After seeing that sight, I did what anyone else in my position would do...I went for my camera of course! I clicked a number of photos while the recovering Bananaquit flew across various branches and even came very close to me. It was a proud moment for me and my parents, as we witnessed the miraculous recovery of a wonderful, cheery little bird. During this period I also spent a lot of time around these Bananaquits, to the point that they would fly all around the area and remain calm in my presence, which was truly breathtaking to witness as they were always graceful and calculated, despite their frantic and agile nature.

    Juvenile Bananaquit (Coereba flaveola ssp. luteola) A juvenile Bananaquit in our mango tree. There is a bit of a sentimental story attached to this photo which will be way too long for me to write here, so I'll post it on the forum:)<br />
To read the story of this juvenile, visit the link below:<br />
https://www.jungledragon.com/forum/27/wildlife_stories/899/the_triumph_of_the_bananaquit.html Animalia,Animals,Aves,Bananaquit,Birds,Caribbean,Coereba flaveola,Coereba flaveola luteola,Trinidad and Tobago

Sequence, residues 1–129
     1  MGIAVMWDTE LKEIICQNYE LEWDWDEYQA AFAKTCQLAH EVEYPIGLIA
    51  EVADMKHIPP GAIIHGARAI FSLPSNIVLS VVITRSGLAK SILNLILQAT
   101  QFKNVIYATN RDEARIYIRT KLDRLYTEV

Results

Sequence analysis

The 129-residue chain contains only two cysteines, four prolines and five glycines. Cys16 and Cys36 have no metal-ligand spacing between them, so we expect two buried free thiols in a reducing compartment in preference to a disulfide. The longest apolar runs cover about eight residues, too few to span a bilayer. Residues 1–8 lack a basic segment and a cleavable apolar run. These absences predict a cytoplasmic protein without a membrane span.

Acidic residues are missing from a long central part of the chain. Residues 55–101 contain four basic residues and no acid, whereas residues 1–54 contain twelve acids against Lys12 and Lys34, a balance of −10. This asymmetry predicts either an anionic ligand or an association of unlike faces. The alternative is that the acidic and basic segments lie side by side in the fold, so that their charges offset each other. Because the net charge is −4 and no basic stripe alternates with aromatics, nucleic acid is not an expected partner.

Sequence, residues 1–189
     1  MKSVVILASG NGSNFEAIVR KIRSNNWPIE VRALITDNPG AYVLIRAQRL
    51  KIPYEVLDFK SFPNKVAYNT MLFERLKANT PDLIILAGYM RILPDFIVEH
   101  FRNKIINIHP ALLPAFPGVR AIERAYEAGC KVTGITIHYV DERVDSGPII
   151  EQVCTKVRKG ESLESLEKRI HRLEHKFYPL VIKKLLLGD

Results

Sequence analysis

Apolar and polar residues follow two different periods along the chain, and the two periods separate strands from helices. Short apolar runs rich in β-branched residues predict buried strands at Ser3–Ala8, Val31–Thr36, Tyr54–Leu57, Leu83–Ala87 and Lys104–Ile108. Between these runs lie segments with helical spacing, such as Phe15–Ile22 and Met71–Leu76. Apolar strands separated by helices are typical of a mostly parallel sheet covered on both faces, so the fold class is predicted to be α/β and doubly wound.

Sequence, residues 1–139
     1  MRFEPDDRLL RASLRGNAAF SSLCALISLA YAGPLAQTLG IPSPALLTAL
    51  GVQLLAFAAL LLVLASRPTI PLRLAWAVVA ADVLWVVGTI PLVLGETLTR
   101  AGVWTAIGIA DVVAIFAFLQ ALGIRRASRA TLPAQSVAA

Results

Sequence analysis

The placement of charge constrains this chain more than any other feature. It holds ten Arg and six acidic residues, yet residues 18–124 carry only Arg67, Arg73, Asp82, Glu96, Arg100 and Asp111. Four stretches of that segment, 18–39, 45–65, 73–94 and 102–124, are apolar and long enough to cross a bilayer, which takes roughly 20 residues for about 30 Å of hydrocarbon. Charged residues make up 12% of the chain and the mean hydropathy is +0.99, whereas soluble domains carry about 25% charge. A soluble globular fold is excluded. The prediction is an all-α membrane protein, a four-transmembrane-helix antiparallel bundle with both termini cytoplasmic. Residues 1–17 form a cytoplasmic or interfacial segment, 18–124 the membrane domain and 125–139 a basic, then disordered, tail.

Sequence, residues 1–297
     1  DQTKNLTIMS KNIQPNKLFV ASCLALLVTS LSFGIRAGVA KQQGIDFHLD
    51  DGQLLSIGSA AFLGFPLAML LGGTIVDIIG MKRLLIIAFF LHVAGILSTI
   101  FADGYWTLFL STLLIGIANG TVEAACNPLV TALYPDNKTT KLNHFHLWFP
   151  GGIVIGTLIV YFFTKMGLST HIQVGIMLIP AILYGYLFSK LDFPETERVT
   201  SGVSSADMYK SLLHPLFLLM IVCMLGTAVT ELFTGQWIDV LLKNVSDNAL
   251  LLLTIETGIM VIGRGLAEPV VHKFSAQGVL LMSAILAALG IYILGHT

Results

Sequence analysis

The recovered juvenile Bananaquit.

    When looking back at this situation, there are certainly things I would do differently, such as calling the nearest wildlife rehabilitation centre, where the injured Bananaquit would have been able to get treatment by professionals, as well as a proper diagnosis. In addition to this, I should have filmed this Bananaquit family, showing their feeding, nesting and behaviour, which would have made for a great watch and may have possibly been educational and informative, but overall, I was and will always be grateful for the luxury of having had a peek into the lives of the Bananaquits.
    Replied 2 months ago, modified 2 months ago
  2. You're such a wonderful storyteller, Wesley. I highly recommend you link back to this forum post from the relevant photos, that way more people may see it.

    As for the story, it's a beautiful tale of resilience. When you spend a lot of time around the same animal, you learn so much more about their challenging lives. I'm sure you'll get the opportunity to see so much more, can't wait :)
    Replied 2 months ago
  3. Thanks Ferdy! And thank you for that suggestion, I certainly will do! Replied 2 months ago
  4. This is fantastic! Thanks so much for sharing this story. I truly enjoyed reading it <3. Replied 2 months ago
  5. I'm glad you enjoyed it Christine! Replied 2 months ago